By Father Tad Pacholczyk
Making Sense of Bioethics

The Catholic Church has long acknowledged the role of the medical professional in declaring death. It is the proper competency of medicine, not theology, to identify reliable signs that death has occurred. The hardening of the body known as rigor mortis, for example, is a reliable medical indicator that death has occurred. When the heart permanently stops beating and the lungs permanently stop functioning (cessation of cardio-pulmonary function), medical professionals recognize these signs as another reliable way to assess that death has occurred. The complete and irreversible loss of all brain function (commonly known as “brain death”) is yet another reliable way medical professionals determine that a patient has died. {{more}}

In an August 2000 address, Pope John Paul II took up the particular question of brain death and concluded: “The criterion adopted in more recent times for ascertaining the fact of death, namely the complete and irreversible cessation of all brain activity, if rigorously applied, does not seem to conflict with the essential elements of a sound anthropology.” In other words, he affirmed the Church does not see any fundamental conceptual problems with the idea of brain death. The complete cessation of all brain function (brain death) is also referred to as “neurological criteria” for determining death, to distinguish it from the classic “cardio-pulmonary criteria” used for centuries.

The medical profession initially accepted the notion of brain death not because it was looking to procure organs for transplant, as is sometimes supposed, but because of a new situation that arose from the burgeoning use of ventilators, with some patients becoming permanently “ventilator-dependent.”

As early as 1959, well before widespread organ transplantation was possible, Drs. Mollaret and Goulon wrote in the Review of Neurology about a subgroup of these ventilator-dependent patients who had suffered catastrophic brain injuries. This could result in a definable condition from which recovery was impossible (“a state beyond coma”). Patients in this state had died, even though ventilators could continue to oxygenate their bodies and preserve organs for a limited period of time. Following the publication of a pivotal 1968 report detailing this kind of situation by a committee at Harvard Medical School, the notion of brain death gained consensus and became widely accepted within both the medical and legal communities.

The Catholic Church likewise acknowledged these medical developments and has never expressed any serious conceptual reservations about brain death in the years following the Harvard report. Today, medical professionals remain in broad agreement that the complete and irreversible cessation of all brain activity serves as a reliable indicator that a person has died. Major medical societies such as the American Medical Association and the American Academy of Neurology have issued official statements affirming this.

Nevertheless, a certain number of Catholics today insist that brain death is not really death. One moral theologian, for example, recently expressed doubts “that ventilator-sustained brain dead bodies are corpses.” Several Catholic physicians have raised similar concerns. As long as thorough and accurate medical testing is performed, however, the Church continues to support the determination of death based on neurological criteria.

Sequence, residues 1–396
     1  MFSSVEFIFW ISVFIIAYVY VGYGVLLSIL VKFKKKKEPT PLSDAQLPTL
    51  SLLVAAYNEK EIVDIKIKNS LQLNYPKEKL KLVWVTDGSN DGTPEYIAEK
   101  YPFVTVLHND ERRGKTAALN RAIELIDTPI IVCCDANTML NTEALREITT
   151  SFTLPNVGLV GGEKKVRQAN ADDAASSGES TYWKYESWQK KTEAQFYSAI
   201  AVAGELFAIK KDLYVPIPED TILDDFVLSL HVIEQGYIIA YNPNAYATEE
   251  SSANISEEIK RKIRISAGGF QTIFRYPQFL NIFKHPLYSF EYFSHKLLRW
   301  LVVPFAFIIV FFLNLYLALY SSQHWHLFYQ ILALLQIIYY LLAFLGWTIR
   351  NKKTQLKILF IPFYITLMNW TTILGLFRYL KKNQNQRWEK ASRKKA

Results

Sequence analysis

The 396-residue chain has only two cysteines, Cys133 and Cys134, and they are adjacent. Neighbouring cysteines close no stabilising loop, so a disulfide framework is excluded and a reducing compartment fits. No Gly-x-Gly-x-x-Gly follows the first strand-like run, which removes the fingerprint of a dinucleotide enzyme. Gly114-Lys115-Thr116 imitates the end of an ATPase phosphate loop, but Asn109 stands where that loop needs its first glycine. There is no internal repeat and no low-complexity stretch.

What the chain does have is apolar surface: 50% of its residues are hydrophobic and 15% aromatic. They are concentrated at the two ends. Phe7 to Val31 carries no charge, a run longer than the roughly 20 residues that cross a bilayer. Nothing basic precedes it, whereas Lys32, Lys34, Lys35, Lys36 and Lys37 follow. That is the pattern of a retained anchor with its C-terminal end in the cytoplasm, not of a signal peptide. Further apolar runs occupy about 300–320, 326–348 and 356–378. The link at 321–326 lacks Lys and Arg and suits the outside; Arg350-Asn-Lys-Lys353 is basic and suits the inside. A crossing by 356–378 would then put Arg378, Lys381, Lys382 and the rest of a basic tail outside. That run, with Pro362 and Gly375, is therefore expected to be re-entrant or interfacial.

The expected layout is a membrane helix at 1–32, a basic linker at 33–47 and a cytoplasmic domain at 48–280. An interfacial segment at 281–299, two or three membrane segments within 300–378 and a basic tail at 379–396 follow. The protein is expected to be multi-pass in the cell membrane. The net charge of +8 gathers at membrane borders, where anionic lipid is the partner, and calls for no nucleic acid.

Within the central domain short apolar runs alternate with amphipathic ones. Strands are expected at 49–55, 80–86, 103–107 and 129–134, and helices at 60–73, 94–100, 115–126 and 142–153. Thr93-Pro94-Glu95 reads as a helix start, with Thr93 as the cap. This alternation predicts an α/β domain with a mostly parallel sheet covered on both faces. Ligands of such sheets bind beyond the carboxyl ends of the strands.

In addition to Pope John Paul II’s address mentioned earlier, a number of other Church documents and declarations affirm this. These include statements from the Pontifical Academy of Life, the Pontifical Council for Healthcare Workers and the Pontifical Academy for Sciences, among others. In a recent article on the Catholic News Agency website, Dr. John Haas argues that the number and common thread of these ecclesiastical statements in recent years indicates that the teaching authority of the Church has “generally resolved” the question of the acceptability of relying on neurological criteria as a means for ascertaining death.

In the face of clear Church teaching on this issue, Dr. Haas further observes how it is not responsible for Catholics to generate uncertainty by openly and publicly disputing the suitability of neurological criteria for determining death. Such speculations can “cause confusion in the minds of the faithful and unsettle consciences.” If consciences become unsettled on this matter, the practical ramifications can be far-reaching: consent to harvest organs is not given, transplants of such organs do not occur, and lives that could validly be saved by such transplants are instead lost.

The fact remains that the Catholic Church to date has expressed no official doubts about brain death, emphasizing instead that a health care worker can use neurological criteria as the basis for arriving at “moral certainty” that death has occurred. Meanwhile, the Church continues to recognize the generous nature of freely-chosen organ donation, an act Pope John Paul II once called “particularly praiseworthy” and an act which can offer “a chance of health and even of life itself to the sick who sometimes have no other hope.”

Father Tadeusz Pacholczyk serves as the Director of Education at The National Catholic Bioethics Center in Philadelphia.